Indigenous Science

Over the last century we in the western world have gradually come to take seriously other culture's religions, social systems, aesthetics, and philosophies. Unlike our eighteenth century forebears we no longer think of indigenous peoples of the non-white world as "savages", but have come to understand that many of these cultures are as complex and sophisticated as ours. The one area where we have continued to proclaim our own specialness - and by extension our own superiority - is science. "True Science" - that is a "truely empirical" understanding of the world - is often said to be a uniquely western pursuit, the one thing we alone have achieved. Against this view, a small but growing body of scholars are beginning to claim that many indigenous cultures also have a genuine scientific understanding of the world - their claim is that science is not a uniquely western endeavour. These "other" sciences are sometimes referred to as "ethnosciences" - examples include (most famously) Mayan astronomy and Chinese medicine, both of which are highly accurate, though wildly different to their western equivalents. Less well known is the logic-obsessed knowledge system of the Yolgnu Aborigines of Arnhemland in northern Australia, and the complex navigational techniques of the Polynesians.

The claim that other cultures have genuine sciences (and sometimes also complex logics) embedded in their knowledge systems, raises again the whole philosophical issue of what exactly does the word "science" mean. Helen Verran, an Australian philosopher of science who is one of the leaders of the ethnoscience movement, has made the point that having the chance to study other sciences gives us a unique opportunity to reflect back on our own science. Her work on the Yolgnu provides a important window from which to see our own scientific insights in a new light.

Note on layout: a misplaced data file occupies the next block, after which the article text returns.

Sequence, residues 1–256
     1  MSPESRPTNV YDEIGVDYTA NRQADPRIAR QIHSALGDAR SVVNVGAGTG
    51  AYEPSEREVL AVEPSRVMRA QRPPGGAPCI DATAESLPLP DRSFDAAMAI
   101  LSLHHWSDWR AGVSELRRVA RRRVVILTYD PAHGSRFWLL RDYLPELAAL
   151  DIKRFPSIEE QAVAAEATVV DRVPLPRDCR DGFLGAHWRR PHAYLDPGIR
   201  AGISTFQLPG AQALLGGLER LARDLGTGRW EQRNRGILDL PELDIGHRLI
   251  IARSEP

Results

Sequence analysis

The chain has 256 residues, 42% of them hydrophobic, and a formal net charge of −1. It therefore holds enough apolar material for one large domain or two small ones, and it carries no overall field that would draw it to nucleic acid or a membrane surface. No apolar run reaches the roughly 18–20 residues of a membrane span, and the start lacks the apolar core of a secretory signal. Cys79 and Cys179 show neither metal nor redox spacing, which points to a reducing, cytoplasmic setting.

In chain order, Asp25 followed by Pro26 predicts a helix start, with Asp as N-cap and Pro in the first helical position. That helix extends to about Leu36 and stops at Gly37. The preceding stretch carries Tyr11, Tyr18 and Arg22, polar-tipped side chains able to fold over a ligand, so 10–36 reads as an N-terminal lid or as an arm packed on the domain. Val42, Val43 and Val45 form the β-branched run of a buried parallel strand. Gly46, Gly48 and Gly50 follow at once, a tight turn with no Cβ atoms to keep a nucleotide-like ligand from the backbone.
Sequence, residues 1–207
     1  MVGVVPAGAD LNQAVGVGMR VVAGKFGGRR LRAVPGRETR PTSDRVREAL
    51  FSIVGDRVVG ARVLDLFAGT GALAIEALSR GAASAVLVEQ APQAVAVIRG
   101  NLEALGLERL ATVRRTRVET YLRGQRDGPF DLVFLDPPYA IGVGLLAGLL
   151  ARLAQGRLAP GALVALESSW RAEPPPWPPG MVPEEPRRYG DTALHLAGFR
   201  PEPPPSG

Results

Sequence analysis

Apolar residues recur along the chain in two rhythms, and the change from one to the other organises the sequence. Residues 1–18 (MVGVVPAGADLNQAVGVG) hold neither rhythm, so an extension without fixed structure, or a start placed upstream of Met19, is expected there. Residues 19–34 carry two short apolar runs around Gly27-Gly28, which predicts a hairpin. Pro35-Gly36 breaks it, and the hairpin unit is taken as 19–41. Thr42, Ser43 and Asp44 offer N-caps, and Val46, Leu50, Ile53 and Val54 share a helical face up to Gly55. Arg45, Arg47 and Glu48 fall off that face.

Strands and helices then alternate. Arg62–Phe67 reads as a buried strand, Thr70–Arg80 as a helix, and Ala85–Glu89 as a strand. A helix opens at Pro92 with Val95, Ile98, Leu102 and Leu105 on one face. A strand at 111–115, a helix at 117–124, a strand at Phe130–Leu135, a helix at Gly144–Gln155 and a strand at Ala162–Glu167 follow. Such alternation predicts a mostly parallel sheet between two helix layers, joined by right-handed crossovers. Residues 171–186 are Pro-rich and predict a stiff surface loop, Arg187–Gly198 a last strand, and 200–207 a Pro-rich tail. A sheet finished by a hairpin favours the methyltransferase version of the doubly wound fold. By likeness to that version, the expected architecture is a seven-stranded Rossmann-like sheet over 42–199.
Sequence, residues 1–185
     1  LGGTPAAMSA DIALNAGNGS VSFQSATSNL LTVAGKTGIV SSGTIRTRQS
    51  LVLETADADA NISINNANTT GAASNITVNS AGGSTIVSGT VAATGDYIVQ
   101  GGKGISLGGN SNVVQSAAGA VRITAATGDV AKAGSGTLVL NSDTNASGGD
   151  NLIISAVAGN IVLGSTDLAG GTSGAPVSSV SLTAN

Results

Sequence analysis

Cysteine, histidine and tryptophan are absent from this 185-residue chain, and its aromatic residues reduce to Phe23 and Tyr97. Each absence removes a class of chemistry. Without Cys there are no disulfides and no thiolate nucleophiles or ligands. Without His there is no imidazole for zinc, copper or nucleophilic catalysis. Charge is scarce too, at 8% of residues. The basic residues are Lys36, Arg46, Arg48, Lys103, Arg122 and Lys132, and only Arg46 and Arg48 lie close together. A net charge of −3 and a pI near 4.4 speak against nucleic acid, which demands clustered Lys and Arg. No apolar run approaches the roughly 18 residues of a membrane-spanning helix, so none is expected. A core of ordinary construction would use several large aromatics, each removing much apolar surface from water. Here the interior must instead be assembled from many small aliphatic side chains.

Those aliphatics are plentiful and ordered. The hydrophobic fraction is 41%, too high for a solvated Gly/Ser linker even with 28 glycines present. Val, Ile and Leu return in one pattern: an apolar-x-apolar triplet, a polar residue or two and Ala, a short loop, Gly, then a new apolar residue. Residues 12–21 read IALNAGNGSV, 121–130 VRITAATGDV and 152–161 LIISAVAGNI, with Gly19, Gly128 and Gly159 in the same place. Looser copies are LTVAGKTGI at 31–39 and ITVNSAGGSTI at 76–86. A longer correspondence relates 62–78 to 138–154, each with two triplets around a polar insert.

Sadly, some scientists seem inherently opposed to the very idea of "other sciences". But studying these other ways of knowing may enhance our own understanding of the world in ways we cannot yet imagine. The example of accupuncture must surely give any skeptic at least some pause for thought - the Chinese have performed operations using accupucture needles instead of anesthetic drugs. Likewise Mayan astronomy, though based on the cycles of Venus, was as empirically accurate as anything in the West before the advent of the telescope.

Two hundred years ago the idea that indigenous "savages" might be genuine philsophers would have struck most Europeans as preposterous. Today we have accepted this "preposterous" proposition, but a similar view prevails about science. Learning about, and taking seriously, these other ways of knowing the world seems to me one of the greatest tasks for the next century - before (as Steven Pinker has rightly noted) this immense wealth of human understanding disappears from our planet.